After two minutes she straightened up. “Let’s go do some x-rays.”  I nodded and was led down the hall to the teleport chamber where Scotty awaited.

Now, I’ve had an x-ray before at a dentist. It usually involves a tube being jammed against your face and people running out of the room before the x-ray machine triggers. Not this one. I stepped into a booth. “Please focus on the red line on the mirror, sir” said the assistant (another lady. In fact, the dentists and technicians were all female). I duly obeyed then heard a faint whirl, felt slight pressure as a head band settled around my cranium, I assume to ensure I could not move.

“Please wait, sir”. I couldn’t have moved if I tried. Then, I was alone in the room. As I stared ahead a visor gently rotated 360 deg round me. I heard nothing. Then the pressure on my head vanished as the band lifted away.

“Please follow me back to the room, sir.” By now I was in full “sheep” mode. I went back, settled back into my memory foam chair and waited perhaps 30 seconds (in the UK it’s usually 5-10 minutes for an x-ray result) when my dentist returned. In her hands was another ipad. On this one’s screen – in 3D – was my x-ray. With a dance of fingers she rotated the view to show me things my previous dentist – bless him – had never mentioned. The chipped tooth actually needed a root canal because a sharp filling on the tooth above had acted like a knife on it, eventually causing the chip, leading to the infection, etc. etc.. You get the picture. I was informed that the dentist could not fix it now because she had a pre-booked appointment, but one of her co-dentists was available and would do it immediately, should I kindly wish to agree.

I agreed. By now I was relaxing. But the words “root” and “canal” had triggered all kinds of fearful, horrendous memories.

“Uh, the root canal, you’ll give me an anesthetic?”

She almost giggled. “Oh no, sir. There is no need for that. We will not hurt you. That would be…” she paused to locate the best phrase in English “a poor service by us if we did. Don’t worry.”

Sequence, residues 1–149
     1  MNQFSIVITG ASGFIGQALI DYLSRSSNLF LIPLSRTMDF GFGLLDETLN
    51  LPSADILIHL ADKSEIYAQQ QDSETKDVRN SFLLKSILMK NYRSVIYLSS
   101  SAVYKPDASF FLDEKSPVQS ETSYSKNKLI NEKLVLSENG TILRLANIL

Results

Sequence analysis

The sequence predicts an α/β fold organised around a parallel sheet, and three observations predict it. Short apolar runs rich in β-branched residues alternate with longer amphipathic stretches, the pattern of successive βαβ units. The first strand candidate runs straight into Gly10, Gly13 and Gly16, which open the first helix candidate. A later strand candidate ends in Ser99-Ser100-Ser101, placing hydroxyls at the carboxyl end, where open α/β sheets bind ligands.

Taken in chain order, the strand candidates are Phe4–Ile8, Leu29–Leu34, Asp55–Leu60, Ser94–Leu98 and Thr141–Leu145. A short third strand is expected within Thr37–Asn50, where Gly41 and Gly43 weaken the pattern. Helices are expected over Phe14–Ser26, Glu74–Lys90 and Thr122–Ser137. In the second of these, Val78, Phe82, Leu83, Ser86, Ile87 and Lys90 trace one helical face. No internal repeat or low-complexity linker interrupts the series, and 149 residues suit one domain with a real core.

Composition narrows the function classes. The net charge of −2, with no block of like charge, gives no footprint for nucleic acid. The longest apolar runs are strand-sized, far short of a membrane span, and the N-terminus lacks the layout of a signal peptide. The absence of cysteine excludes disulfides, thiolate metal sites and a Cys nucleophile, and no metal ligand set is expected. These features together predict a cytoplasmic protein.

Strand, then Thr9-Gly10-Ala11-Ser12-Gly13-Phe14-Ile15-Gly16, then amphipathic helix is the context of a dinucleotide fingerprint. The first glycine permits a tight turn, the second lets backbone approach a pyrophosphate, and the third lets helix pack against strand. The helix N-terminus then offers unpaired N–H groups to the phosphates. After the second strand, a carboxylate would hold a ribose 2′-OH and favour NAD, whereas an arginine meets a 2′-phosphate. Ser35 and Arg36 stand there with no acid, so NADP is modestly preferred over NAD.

Hmmmm. OK, then….I think.

And, by Jove, she was absolutely right. Her much younger colleague stepped into the room, and with three assistants proceeded to clean my teeth with what felt like a feather (compared to the UK dental drills), remove the broken filling, drill down, clean the root, bathe it in anesthetic cream, x-ray it twice more to confirm it had been fixed flawlessly, then sort the tooth above that was the culprit. It took an hour; I nearly fell asleep; only coming out of my somnolent state when the lights flicked off and I was informed both that everything was done and that I needed to come back next week to get it finished.

After thanking them profusely, I went back to the reception. On my way in I had earlier noticed a small niche, set about ten inches deep. Big enough for a tall glass to stand in. As the receptionist put together my bill (9600THB £192) I inquired as to its purpose. She glanced up from her screen.

“That sir? That is a replicator.”

“A what?”

“A replicator, sir. If you would like to try it?”

I wandered over. Stood there. The dulcet tones of an electronic, disembodied voice floated out of the ether. “Please state what you would like to drink”happy_tooth

Um. What did I want? “Water?”

In front of my eyes sparkling motes swirled, then crystallized, taking shape. Incredibly, before my eyes was a glass of water. I picked it up gingerly. Brought it to my lips. Tasted it. Water as pure as that strained through any volcano you care to think of cascaded like a waterfall into my mouth.

OK…that last bit was made up. But seriously, it would not have surprised me to find them possessing such a device. I paid my bill.

“Sawadee Ka, sir. We look forward to seeing you next week.” smiled the receptionist.

“Me too.” I blurted. And yes, by all things holy, I realise that is true. For the first time in my life I want to go to the dentist. Life continues to amaze me out here. With such happy thoughts, I skipped out in to the Bangkok sunshine….

Is this what diplomacy is all about?



Categories: Bangkok, Thailand

Tags: , ,

2 replies

  1. The best dentist I ever had the ‘pleasure’ of going to was in Tobago! Broken tooth, fitted alleged temporary cap, better than any other and it is still doing a fab job 5 years later! No dentist here has suggested it needs replacing!! What’s with our uk dentists?



  1. Amarin Plaza « travelswithadiplomat